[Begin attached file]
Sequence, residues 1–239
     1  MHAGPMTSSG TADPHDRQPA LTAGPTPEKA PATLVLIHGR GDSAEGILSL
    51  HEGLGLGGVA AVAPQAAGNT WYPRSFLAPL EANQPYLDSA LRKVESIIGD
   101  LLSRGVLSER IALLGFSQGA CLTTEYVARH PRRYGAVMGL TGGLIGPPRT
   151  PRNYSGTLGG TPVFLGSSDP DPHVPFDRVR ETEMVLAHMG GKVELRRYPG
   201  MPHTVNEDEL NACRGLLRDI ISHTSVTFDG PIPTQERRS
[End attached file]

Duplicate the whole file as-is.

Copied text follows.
Sequence, residues 1–239
     1  MHAGPMTSSG TADPHDRQPA LTAGPTPEKA PATLVLIHGR GDSAEGILSL
    51  HEGLGLGGVA AVAPQAAGNT WYPRSFLAPL EANQPYLDSA LRKVESIIGD
   101  LLSRGVLSER IALLGFSQGA CLTTEYVARH PRRYGAVMGL TGGLIGPPRT
   151  PRNYSGTLGG TPVFLGSSDP DPHVPFDRVR ETEMVLAHMG GKVELRRYPG
   201  MPHTVNEDEL NACRGLLRDI ISHTSVTFDG PIPTQERRS